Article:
An overseas supplier of food and water to U.S. troops in Afghanistan on Monday pleaded guilty in what a federal prosecutor called a case of “war profiteering,” and paid $389 million in fines, damages and penalties.
From July 2005 until April 2009, Supreme Foodservice GmbH and an affiliated company in the United Arab Emirates overcharged the U.S. military by $48 million for water and fresh fruit and vegetables delivered to bases in Afghanistan, according to charges by the U.S. attorney for the Eastern District of Pennsylvania.
The scheme worked through a third affiliated company, called Jamal Ahli Foods Co. LLC, which was set up solely to add an extra layer of profit on the supplies sold by Supreme.
Supreme’s owners are based in the United Arab Emirates, but the company is incorporated in Switzerland.
“We regard their crimes as the worst sort of war profiteering,” Bea Witzleben, the Assistant U.S. attorney who prosecuted the case, told U.S. District Court Judge Gene E.K. Pratter during Monday’s hearing, which covered both the plea and the sentencing.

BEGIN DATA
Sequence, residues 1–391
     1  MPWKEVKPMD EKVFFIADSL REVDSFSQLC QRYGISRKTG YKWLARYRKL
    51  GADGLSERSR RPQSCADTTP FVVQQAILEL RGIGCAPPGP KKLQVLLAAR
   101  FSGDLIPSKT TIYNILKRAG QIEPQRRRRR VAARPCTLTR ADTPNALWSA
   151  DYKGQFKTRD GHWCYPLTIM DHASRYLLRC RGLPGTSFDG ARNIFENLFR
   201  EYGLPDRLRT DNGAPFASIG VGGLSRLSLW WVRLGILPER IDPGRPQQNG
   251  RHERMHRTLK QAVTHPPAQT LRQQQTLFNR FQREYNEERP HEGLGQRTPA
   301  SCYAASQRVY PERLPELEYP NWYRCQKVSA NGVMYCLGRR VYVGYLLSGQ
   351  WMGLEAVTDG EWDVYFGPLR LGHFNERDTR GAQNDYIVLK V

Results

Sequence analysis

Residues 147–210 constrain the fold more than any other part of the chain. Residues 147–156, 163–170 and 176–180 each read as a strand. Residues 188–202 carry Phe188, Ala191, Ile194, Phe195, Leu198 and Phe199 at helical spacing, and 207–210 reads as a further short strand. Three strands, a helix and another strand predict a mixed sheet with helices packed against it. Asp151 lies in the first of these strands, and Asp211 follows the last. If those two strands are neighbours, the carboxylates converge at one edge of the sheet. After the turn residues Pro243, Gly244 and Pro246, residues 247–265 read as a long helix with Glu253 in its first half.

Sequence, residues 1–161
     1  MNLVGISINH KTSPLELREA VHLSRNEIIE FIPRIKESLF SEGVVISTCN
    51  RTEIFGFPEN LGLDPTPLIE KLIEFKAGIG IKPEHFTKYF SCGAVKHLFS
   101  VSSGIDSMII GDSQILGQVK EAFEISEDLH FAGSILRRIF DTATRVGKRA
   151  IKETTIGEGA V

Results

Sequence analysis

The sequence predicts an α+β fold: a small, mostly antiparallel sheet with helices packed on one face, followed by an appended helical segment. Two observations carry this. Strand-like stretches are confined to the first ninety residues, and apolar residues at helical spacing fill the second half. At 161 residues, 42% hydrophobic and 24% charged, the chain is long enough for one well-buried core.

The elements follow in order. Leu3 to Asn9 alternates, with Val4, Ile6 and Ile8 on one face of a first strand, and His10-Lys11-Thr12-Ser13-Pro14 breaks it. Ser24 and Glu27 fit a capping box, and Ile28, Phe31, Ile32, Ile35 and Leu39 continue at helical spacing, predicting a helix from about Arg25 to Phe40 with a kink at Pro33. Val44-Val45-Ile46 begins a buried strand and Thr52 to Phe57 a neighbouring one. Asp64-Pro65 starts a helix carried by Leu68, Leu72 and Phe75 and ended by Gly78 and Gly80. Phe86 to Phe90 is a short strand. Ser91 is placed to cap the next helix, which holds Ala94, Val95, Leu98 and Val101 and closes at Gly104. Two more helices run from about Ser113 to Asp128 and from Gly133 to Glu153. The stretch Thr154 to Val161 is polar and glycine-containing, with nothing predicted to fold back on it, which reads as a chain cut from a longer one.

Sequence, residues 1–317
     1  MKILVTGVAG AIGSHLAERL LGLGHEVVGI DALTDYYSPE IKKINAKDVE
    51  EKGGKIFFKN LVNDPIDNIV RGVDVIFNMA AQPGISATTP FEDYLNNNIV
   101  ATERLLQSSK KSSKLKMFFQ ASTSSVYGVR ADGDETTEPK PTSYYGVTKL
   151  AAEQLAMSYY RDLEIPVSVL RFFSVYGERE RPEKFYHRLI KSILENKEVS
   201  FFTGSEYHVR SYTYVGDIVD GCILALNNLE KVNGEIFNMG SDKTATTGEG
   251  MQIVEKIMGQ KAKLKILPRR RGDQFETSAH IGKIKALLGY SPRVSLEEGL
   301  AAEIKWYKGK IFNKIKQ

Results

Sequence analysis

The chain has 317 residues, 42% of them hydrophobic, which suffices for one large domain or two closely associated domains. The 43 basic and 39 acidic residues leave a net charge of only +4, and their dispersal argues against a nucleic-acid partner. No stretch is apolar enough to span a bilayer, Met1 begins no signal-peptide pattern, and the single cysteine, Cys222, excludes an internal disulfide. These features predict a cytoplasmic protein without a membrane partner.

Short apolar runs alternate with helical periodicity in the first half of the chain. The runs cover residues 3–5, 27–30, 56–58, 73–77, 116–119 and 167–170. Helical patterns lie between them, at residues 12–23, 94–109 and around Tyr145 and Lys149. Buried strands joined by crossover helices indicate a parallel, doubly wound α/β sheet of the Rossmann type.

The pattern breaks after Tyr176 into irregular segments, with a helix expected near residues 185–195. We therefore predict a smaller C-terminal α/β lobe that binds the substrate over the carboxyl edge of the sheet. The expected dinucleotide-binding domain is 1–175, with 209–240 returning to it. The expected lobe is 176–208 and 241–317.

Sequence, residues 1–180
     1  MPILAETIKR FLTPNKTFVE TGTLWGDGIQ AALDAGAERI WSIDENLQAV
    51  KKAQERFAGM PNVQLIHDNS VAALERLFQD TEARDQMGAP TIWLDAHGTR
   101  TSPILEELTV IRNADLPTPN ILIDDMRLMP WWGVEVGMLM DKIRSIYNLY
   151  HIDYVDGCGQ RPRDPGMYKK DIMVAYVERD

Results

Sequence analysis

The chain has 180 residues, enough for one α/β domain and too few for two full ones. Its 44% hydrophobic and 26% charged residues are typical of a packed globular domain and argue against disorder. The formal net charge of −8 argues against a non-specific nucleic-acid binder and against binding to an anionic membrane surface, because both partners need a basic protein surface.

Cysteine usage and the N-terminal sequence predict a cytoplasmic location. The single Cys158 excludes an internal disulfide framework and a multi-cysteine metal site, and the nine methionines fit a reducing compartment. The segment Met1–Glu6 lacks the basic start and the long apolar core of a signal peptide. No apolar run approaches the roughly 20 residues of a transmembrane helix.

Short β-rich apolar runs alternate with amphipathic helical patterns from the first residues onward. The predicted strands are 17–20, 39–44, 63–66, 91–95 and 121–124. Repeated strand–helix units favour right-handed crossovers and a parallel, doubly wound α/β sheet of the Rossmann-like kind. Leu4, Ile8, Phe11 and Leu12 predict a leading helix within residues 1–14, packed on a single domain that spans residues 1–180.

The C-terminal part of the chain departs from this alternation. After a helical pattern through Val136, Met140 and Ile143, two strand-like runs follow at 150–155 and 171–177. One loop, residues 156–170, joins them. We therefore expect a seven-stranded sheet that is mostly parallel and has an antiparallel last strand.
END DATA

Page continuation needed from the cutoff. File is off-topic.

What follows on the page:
The United Arab Emirates does not have an extradition treaty with the United States, making it impossible for the owners to stand trial and face possible jail time, Witzleben said in court.
Instead, Supreme will be on probation for five years and its unidentified owners will be prohibited from doing business with the federal government during that time.
The case was prosecuted in Philadelphia because the Defense Logistics Agency Troop Support, formerly known as the Defense Supply Center Philadelphia, which administers contracts to supply the armed services with food, water and other essentials, is in the city.
The $389 million included $101 million to settle a whistleblower lawsuit. That settlement was unsealed Monday.